Evidence from engineering that decarboxylation of free serine is the major source of ethanolamine moieties in plants.

@article{Rontein2003EvidenceFE,
  title={Evidence from engineering that decarboxylation of free serine is the major source of ethanolamine moieties in plants.},
  author={Denis Rontein and David Rhodes and Andrew D. Hanson},
  journal={Plant & cell physiology},
  year={2003},
  volume={44 11},
  pages={1185-91}
}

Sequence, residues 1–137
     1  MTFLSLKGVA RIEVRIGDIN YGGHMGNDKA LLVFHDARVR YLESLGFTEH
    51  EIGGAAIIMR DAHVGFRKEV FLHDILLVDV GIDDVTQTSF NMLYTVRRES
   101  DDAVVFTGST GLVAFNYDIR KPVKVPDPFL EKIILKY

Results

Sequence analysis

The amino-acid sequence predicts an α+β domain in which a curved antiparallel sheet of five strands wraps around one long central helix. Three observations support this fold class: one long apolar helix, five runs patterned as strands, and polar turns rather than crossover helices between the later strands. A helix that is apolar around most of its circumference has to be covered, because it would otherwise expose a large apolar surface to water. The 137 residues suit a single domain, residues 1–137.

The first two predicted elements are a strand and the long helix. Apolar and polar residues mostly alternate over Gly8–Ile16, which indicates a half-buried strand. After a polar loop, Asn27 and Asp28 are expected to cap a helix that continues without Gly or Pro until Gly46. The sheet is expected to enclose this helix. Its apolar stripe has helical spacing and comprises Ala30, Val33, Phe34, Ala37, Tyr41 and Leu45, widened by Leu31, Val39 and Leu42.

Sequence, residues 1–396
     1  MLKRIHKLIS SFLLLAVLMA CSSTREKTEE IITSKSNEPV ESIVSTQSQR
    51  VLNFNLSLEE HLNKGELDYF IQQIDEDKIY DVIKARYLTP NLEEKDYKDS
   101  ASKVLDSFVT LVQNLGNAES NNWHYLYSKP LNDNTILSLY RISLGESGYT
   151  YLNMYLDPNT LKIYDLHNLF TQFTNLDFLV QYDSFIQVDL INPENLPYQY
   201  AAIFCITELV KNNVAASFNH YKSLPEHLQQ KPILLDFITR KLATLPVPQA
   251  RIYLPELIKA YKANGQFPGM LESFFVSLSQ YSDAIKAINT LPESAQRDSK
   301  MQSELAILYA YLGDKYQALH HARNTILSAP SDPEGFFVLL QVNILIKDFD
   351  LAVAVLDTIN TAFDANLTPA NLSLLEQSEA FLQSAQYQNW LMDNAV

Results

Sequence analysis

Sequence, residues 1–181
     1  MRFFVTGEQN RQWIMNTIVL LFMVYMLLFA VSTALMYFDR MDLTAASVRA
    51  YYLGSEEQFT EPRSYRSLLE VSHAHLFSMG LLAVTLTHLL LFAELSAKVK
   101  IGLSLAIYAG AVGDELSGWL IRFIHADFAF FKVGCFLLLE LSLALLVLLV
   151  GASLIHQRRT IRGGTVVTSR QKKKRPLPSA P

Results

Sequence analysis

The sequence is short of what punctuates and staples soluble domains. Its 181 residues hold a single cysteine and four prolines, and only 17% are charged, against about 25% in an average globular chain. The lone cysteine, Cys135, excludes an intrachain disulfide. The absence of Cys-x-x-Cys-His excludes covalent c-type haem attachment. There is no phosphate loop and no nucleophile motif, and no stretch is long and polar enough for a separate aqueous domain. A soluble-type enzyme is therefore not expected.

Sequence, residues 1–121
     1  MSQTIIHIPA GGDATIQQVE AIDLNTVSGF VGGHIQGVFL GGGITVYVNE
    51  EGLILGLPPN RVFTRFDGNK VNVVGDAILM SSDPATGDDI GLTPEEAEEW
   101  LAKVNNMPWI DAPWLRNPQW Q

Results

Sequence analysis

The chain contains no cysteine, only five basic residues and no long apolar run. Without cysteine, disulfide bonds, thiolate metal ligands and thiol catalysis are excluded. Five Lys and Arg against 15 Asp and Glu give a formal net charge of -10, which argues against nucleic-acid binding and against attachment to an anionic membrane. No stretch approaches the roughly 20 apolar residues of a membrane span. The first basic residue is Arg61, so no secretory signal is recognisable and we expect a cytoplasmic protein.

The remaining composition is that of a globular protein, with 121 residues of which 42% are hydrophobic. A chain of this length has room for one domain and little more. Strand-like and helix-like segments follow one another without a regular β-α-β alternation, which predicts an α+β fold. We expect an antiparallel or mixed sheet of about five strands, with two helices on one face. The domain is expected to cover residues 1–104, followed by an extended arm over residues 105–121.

Plants form ethanolamine (Etn) moieties by decarboxylating serine or phosphatidylserine (PtdSer), and use them to make phosphatidylethanolamine, phosphatidylcholine, choline, and glycine betaine. Serine decarboxylation is mediated by a serine decarboxylase (SDC) that is unique to plants and has a characteristic N-terminal extension. This extension was shown to have little influence on function of the enzyme in vitro. To explore the importance of SDC and its extension in vivo, native or… CONTINUE READING